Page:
Joining Forces With Competitors to Combat Fake News

Tigranuhi Martirosyan

Journalist, SMM specialist

The world is currently battling disinformation. During a conversation with Media.am, James R. LeMay, CNN senior adviser and former coordinating deputy editor, emphasized the importance of not rushing to release unverified information. He advised against being proactive and instead suggested waiting until information is confirmed before sharing it.

Let’s address the issue of disinformation. Fake news is increasingly spreading every day, including within Armenian media and social networks. How should the media combat misinformation?

You have seen some software and websites that I recommend you start using. As an organization, review them and decide which one is best for you. Use these websites and information to filter and test what works best for your content. Consider different factors such as whether it is an image or text. Each of the websites I mentioned will provide different ways to filter the content – metadata for one, images for another, etc. Experiment with them to find out which ones you will use most frequently. However, I can’t advise you on which ones to use until you have a clear idea of the content. For example, social media content will require one set of filters, while images will need another. Overall, you will end up using about five different sites to filter content based on its specific nature.

Do you think the problem is that the media is unfamiliar with these tools?

It’s not the only issue, but it’s a major challenge for journalists.

The Armenian media is still in its early stages. While it’s recognized as important, it’s not yet fully utilized. In contrast, the Western world often deals with misinformation, especially during elections and other major events.

In Armenia, fake news is primarily spread through social networks. Are there any laws or mechanisms in your country that prohibit referencing anonymous posts on platforms like Facebook or Instagram?

There’s more to it. Platforms are becoming more vigilant in identifying and removing fake news, but unfortunately, they are also overlooking a lot of local news due to their algorithms. What I suggest is to have a better understanding of what the public is consuming online, and if it’s fake, to be able to identify and inform people about its falsity. This is a story in itself, so don’t just wait for it to come to you; go out and seek it. Once you find it, expose it.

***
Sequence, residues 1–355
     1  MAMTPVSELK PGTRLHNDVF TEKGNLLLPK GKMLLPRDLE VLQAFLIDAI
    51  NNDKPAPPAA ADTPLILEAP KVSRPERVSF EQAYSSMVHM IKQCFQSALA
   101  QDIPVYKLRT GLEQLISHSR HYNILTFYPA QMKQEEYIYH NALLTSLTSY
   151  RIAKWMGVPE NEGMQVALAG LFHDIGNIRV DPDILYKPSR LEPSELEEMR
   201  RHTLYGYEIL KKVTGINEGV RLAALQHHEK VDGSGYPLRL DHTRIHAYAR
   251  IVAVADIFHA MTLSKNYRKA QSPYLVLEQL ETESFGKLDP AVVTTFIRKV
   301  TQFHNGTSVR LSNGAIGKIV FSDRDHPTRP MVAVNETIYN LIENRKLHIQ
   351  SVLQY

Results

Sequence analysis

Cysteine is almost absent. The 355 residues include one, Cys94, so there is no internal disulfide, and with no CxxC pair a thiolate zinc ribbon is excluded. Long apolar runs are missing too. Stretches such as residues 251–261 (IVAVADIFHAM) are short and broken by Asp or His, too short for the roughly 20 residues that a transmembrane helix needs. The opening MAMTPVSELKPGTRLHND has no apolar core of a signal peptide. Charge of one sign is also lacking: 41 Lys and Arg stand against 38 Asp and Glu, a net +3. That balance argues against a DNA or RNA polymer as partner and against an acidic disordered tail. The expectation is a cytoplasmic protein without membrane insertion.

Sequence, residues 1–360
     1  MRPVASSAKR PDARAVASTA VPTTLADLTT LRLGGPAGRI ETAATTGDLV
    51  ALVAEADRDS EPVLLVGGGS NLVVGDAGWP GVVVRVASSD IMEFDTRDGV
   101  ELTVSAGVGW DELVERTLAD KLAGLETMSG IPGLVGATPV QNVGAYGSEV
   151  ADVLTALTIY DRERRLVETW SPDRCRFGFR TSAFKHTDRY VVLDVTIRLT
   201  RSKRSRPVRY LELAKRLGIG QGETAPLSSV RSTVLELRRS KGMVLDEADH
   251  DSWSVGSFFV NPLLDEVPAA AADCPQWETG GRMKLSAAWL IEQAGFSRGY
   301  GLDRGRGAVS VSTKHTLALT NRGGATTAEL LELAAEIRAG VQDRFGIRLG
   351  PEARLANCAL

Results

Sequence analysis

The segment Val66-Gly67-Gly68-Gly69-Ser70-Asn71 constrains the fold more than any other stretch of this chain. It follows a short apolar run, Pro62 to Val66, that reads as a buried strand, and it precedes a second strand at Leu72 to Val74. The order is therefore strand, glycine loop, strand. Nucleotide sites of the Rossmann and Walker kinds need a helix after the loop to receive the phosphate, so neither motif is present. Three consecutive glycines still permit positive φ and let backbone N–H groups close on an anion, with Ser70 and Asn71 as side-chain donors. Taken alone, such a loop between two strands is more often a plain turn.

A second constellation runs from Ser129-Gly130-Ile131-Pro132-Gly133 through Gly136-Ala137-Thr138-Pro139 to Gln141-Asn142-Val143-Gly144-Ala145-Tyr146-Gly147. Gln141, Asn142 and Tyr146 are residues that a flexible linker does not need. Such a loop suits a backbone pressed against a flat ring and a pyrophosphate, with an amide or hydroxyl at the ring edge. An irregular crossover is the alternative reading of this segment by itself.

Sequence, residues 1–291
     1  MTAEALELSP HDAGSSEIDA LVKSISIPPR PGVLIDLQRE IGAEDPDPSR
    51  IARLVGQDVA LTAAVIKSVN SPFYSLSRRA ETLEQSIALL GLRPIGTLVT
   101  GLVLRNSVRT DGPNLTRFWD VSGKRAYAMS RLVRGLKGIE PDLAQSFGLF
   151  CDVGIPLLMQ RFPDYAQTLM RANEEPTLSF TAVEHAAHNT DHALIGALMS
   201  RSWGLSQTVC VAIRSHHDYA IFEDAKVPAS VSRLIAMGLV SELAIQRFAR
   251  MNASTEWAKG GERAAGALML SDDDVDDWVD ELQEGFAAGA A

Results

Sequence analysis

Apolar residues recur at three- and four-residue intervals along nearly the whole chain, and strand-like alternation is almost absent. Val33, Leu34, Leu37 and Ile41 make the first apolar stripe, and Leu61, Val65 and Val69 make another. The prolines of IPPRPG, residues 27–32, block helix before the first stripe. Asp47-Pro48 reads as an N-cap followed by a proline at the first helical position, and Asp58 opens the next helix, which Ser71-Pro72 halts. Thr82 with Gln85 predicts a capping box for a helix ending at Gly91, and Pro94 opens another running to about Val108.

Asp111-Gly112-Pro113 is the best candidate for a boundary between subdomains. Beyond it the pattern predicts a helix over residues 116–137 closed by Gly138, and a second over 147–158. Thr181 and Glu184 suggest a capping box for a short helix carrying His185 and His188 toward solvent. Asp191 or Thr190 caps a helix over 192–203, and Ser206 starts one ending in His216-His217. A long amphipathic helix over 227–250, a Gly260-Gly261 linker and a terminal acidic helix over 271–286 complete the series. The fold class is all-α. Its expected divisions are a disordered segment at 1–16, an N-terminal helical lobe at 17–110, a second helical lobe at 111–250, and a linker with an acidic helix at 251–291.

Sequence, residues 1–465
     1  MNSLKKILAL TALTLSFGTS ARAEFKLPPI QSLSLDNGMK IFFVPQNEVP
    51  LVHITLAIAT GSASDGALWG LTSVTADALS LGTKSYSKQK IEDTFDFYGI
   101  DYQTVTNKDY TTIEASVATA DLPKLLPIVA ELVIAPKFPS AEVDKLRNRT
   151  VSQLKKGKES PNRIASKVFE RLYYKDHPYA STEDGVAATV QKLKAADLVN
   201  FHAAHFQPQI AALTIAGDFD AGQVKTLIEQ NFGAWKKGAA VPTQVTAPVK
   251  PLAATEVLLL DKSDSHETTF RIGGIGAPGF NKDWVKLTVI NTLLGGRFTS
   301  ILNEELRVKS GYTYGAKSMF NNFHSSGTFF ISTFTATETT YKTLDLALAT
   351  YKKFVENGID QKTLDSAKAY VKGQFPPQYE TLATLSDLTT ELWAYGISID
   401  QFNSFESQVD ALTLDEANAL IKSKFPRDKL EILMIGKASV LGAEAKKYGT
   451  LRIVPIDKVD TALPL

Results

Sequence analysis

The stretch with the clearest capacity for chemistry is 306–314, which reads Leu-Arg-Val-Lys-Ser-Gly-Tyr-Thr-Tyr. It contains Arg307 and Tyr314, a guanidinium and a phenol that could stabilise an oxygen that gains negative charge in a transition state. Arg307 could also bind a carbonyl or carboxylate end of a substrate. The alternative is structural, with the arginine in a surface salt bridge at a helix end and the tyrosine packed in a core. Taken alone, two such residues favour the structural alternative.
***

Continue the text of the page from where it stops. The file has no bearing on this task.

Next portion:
You worked at CNN for over a decade. How did you combat fake news during that time to prevent it from being aired?

We had a large group of people within our organization whose job was verifying the information we provided them. This process is more challenging for smaller organizations, as everyone needs to be knowledgeable. That’s why I’ve given you these tools to help with it.

Soon, there will be presidential elections in the USA. It is evident that there will be propaganda and fake news, raising concerns about the potential use of artificial intelligence.

Due to advancing technology, it becomes increasingly challenging each year. There’s a general understanding that if something seems too good to be true, it probably is. Occasionally, we encounter something so extreme that we hesitate and rethink. We might have proceeded with it in the past, but now we’re more skeptical. We’re starting to collaborate with our competitors. We’ve never collaborated with competitors before, but now we’re working with various organizations, sharing best practices to identify issues.

How do you combat Propaganda? 

Both consumers and journalists are well aware of propaganda. They understand that it represents a specific party’s viewpoint. They do not outright reject it, nor do they fully believe in it. They want to be informed about what is being said, but they also know that there is another side to consider. As journalists, it is our responsibility to present both perspectives. We need to be able to identify propaganda, whether it comes from conservatives or liberals, and our duty is to provide the audience with a balanced view of both.

Interview: Tigranuhi Martirosyan  

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